The Tehreek-i-Taliban Pakistan (TTP) media cell of South Waziristan has released a video showing the planning and execution of the attack on the Bannu Jail. In the video, Hakeemullah Mehsud and Waliur Rehman revealed the TTP manifesto, which they claimed is to be implemented through armed jihad. The salient message of the speeches is that democracy is a system that was brought about by non-believers and that the TTP wants to change this — through use of force. The party claims that those who are dispensing justice through this legal system are kafirs and that those who committed crimes against the Lal Masjid and the Taliban in Swat shall not be forgiven. The TTP will fight the government of Pakistan until it achieves its final victory; it believes that the judicial, executive and legislative branches have failed and that sharia is the only system that can salvage Pakistan. There is not even a single word in the video spoken against the occupation of Afghanistan. Those who think that the Taliban will lay down its arms upon withdrawal of US forces from Afghanistan need to reevaluate their assessment.
While people and the media were recently focused on various scandals — the disqualification of the prime minister, judicial activism and loadshedding — the Taliban took control of part of Tirah. More than 30 people were killed in bomb blasts at Landi Kotal and Kohat. Seven soldiers were beheaded and many were killed in cross-border attacks by Maulana Fazlullah’s group in Dir. The message is loud and clear: the Taliban have been weakened by army operations but they are not finished and are capable of striking back. The Afghan Taliban captured Kabul in 1996 and Islamist extremists took control of Timbuktu, Mali in April 2012. In both countries, the national armies had disintegrated and there was no organised force to fight the insurgents. In our case, the armed forces are preventing a takeover by the Taliban; but they need the support of the nation to fight these terrorists.
Pakistan now has an indigenous terrorism problem, not entirely related to the war on terror. Those who trained jihadists to liberate Kashmir could not visualise that these same assets would one day turn around and fight against our army. The issue of terrorism is a complicated one and no longer linked to the presence or exit of Nato forces from Afghanistan. In fact, we can deal with them more effectively in the presence of Nato forces in Afghanistan. Once the world is no longer focused on terrorism, defeating the Taliban is likely to be an uphill task. The recent statements of US Secretary of Defence Leon Panetta and other officials of the Obama Administration on our role as an ally in the war on terror should be taken seriously. Nato trucks have used our routes for more than 10 years and the losses suffered by Nato when using alternative supply routes are not positive gains for anybody. Pakistan is likely to be a loser if it continues with its policy of denying supply routes to Nato and pursuing a policy of non-cooperation in the war on terror.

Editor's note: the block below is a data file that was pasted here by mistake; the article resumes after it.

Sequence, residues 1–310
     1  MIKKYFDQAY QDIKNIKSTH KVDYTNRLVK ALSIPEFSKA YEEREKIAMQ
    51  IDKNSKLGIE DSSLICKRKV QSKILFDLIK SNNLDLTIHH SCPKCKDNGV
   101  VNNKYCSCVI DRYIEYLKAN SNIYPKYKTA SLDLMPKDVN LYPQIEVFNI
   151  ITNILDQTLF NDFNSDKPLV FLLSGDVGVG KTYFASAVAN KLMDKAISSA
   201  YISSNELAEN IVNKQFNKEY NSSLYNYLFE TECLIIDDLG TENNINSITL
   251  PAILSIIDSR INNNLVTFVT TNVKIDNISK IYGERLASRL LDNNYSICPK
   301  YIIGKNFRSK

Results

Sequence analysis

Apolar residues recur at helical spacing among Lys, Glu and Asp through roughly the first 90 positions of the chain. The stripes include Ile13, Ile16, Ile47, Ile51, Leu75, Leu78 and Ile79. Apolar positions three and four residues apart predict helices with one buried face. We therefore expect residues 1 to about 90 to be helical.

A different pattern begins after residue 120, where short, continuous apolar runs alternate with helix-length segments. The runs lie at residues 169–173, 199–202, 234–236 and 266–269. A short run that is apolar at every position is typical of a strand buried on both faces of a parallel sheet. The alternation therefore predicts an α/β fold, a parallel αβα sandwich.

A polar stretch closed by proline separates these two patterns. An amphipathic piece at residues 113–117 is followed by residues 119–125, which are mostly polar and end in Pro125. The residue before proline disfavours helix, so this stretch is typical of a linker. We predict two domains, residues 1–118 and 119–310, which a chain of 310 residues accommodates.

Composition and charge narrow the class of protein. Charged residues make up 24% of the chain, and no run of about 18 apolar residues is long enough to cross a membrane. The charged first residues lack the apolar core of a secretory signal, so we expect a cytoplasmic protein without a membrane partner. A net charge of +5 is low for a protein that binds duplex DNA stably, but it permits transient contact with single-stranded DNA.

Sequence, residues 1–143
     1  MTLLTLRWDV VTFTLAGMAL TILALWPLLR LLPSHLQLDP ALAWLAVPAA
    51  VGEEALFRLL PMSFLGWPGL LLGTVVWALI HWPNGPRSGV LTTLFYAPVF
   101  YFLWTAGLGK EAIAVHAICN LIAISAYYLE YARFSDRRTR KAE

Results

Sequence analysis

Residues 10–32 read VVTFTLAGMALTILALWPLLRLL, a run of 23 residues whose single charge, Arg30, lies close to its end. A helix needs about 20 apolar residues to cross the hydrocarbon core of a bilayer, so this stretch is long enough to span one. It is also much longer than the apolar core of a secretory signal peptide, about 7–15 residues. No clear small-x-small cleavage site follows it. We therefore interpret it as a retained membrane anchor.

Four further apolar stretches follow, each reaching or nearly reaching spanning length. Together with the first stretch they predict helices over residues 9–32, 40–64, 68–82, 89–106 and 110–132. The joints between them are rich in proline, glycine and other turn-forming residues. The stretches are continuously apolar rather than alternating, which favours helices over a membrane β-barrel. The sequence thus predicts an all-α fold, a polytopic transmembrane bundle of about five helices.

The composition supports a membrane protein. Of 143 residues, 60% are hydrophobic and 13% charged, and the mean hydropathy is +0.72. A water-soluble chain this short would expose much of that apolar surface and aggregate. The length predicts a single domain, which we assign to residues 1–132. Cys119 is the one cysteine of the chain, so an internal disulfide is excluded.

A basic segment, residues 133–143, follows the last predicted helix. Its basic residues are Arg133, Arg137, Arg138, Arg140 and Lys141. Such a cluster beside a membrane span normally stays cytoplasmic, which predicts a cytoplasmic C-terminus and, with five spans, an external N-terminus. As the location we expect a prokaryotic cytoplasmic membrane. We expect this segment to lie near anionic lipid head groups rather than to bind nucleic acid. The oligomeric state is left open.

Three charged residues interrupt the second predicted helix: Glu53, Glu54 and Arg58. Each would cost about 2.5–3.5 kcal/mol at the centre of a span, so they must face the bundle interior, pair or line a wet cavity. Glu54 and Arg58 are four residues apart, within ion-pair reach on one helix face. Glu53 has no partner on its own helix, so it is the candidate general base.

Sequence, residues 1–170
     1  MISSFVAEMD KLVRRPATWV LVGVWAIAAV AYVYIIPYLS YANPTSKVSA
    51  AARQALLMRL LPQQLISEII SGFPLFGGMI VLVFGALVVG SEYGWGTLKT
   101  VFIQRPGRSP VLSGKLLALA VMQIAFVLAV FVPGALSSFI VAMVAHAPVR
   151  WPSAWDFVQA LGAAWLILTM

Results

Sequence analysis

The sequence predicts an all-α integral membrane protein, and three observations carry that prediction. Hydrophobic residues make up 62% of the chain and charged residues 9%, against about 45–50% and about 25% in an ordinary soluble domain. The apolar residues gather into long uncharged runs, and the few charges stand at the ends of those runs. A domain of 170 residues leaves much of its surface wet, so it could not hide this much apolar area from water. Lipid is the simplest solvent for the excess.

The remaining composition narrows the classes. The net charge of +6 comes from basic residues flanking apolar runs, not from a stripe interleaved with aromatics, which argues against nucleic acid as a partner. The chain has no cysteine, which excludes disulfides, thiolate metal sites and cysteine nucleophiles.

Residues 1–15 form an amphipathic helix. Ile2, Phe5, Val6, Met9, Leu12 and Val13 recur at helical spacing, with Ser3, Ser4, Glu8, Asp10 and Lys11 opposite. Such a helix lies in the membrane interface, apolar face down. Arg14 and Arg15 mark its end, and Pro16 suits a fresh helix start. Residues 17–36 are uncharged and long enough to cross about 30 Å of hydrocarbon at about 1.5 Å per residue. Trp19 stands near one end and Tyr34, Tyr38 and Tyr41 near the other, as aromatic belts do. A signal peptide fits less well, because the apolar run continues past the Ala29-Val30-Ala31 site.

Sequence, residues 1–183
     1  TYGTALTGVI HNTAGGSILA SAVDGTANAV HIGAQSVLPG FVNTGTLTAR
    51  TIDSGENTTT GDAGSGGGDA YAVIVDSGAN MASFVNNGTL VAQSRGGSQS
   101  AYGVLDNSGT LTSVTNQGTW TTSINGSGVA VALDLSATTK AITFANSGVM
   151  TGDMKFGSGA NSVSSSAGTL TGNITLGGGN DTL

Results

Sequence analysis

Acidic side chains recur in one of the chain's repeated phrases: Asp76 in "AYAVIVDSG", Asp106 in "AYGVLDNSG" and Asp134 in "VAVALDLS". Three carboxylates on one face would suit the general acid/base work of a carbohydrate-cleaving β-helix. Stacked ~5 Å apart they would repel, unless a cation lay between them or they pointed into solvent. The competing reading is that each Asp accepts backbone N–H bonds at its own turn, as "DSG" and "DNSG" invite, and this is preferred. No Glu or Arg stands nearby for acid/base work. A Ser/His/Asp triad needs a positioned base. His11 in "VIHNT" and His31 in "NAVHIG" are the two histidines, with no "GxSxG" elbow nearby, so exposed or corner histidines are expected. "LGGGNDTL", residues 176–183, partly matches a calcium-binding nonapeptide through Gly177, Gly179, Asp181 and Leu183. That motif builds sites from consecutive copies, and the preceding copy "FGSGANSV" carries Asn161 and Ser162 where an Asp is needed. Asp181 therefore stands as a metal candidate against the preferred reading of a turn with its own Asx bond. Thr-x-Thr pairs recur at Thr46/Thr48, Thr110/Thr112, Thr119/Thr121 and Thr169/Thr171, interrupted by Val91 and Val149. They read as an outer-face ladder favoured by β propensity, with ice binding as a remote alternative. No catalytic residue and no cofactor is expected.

The present coalition government may be one of the weakest in our history. Besides its own incompetence, bad governance and corruption, it has been hounded by different forces since 2008. The government has been fighting these forces and trying desperately to complete its term at all costs. And in this process, the most affected people are common men. Corruption, bad governance, Balochistan, Karachi, the killing of Shias and loadshedding are serious issues, no doubt, but terrorism is the most dangerous challenge confronted by this country. A destabilised and anarchic Pakistan will embolden the Taliban and make the people of this country more vulnerable to terrorism. To avoid isolation in the world community and to deal with our own issues of terrorism, all political parties represented in parliament and the army leadership should take a collective, pragmatic decision on our future role in the war on terror.
Published in The Express Tribune, June 27th, 2012.
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